http://wqa.org/sitelogic.cfm?ID=212

good call on the rebar

pronoman
03-02-2007, 03:04 AM
Thanks for your responses. I have two Fleck 7000's, one is a 32,000 G softener and the other is for a 1.5 birm filter (both discharge). I bought them from Ohio Pure Water Co and they have been helpful, but over the phone. I didn't choose them for any particualr reason other than price...at the time, I wasn't thinking about who was going to help me out the most (unfortunately). I've asked them for the same things I've asked you guys/gals (drawings/diagrams/etc.) and they don't have anything...which is why I am trying to hunt something down.

It's not that I can't figure out what to do here, I'm just no expert and I want to make sure I do a job that is correct and will last for as long as it needs to.

Gary Slusser
03-02-2007, 11:51 AM
Pronoman, I know that name from somewhere.... Maybe you followed the advice of justalurker. He tells everyone to go to them (OPW) but he doesn't tell anyone he bought from me in July '04 and has a Clack WS-1 control valve; the best DIYer control there is. He doesn't know softener sizing or troubleshooting them very well but acts like he knows everything else about them but won't be honest about control valves. He is upset with me and directs anyone that will listen away from me and my web site but... that's personal and not because his softener doesn't work. BTW, everything being equal, my prices for the same thing are better than theirs (OPW).

Anyway, it may not be code but will work just fine... that's a PVC saddle tee for 1.5 to 6" drain lines. You install it on the side of the line; not the top or bottom. Then with three sch 40 PVC elbows and a piece of sch 40 PVC pipe, make a trap. Extend the stand pipe up to just below the ceiling and you're done. Or cut the line and add a running tee or wye and make a trap to connect to it. You should have an air gap (always follow local codes). Just realize that IF your sewer backs up, you have a lot more to be concerned with than IF the sewer water contacted your softener's drain line, right? And if it does, you can sanitize it with the same bleach you use to clean the sewage'n paper off the floor, walls etc.. :)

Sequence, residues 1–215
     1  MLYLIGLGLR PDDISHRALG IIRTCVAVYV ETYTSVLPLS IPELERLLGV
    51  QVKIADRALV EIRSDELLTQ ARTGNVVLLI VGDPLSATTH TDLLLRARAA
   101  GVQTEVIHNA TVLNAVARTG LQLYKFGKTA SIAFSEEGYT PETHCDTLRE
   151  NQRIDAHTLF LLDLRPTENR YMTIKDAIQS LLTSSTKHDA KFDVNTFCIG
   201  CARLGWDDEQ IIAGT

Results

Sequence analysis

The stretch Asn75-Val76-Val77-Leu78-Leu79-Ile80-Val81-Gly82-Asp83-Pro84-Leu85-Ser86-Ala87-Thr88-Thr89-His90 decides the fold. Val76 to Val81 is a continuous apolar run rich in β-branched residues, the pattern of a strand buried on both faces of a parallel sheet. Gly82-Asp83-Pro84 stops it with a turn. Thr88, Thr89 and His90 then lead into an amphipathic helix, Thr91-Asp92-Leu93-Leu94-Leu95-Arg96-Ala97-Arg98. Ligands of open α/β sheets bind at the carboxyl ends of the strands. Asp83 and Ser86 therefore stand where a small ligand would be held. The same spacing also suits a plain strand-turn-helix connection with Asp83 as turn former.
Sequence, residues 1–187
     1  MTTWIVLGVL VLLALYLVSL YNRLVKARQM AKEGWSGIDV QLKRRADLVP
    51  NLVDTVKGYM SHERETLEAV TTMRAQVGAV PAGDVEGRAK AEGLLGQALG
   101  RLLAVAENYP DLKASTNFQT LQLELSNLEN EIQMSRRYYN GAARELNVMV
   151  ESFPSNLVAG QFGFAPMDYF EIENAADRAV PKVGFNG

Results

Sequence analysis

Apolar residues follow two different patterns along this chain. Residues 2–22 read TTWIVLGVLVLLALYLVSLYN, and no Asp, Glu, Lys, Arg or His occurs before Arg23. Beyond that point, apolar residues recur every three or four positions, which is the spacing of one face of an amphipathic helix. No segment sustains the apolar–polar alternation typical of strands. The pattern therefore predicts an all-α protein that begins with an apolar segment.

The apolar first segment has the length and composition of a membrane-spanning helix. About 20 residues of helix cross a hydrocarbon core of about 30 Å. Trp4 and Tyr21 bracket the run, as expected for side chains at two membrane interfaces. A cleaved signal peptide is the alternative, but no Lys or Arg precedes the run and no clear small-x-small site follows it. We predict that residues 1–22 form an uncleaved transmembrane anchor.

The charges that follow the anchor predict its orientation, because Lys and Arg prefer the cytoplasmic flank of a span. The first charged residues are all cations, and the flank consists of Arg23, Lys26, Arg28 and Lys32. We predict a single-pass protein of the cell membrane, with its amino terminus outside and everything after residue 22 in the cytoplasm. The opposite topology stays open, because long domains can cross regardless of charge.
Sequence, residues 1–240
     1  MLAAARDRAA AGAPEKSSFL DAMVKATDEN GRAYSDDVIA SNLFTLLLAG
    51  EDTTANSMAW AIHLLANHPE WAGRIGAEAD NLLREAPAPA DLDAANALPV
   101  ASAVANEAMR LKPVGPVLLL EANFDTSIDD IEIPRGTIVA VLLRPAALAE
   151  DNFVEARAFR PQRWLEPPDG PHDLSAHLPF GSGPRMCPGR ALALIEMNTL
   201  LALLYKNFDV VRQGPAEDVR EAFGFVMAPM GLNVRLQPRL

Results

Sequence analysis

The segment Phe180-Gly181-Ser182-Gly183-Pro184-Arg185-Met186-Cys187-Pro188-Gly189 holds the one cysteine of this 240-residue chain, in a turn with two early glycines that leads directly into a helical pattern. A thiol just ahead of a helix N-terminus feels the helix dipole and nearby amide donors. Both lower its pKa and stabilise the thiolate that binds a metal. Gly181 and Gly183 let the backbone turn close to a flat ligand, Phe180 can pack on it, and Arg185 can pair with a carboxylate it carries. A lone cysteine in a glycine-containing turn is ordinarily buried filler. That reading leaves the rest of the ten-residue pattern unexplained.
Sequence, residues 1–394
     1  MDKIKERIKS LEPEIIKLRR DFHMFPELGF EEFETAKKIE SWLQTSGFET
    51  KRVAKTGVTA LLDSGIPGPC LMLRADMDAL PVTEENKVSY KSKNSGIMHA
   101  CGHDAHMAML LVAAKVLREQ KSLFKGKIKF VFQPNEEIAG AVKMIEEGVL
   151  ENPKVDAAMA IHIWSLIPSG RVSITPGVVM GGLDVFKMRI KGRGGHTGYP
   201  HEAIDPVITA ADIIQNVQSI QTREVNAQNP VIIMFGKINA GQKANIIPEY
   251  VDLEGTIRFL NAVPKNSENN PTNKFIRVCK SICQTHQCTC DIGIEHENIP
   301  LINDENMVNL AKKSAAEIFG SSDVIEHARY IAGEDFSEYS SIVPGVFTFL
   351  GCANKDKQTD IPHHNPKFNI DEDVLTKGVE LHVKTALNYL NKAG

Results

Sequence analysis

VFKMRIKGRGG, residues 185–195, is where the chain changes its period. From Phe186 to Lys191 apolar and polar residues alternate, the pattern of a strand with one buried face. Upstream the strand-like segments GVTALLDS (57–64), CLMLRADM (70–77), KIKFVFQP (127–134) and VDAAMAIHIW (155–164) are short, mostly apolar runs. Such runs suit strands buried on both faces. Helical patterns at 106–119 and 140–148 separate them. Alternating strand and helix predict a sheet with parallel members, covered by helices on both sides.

pronoman
03-04-2007, 04:01 AM
Gary, thanks for your help. To be honest, this is the first forum that I posted to for help with this, so I'm not familiar with who you mentioned. I actually was referred to OPW by a colleague of mine. The good news is, I now know about your site and will visit it when I plan on purchasing my R/O system and future parts.

Thanks for your time and help, your info will help me get under way.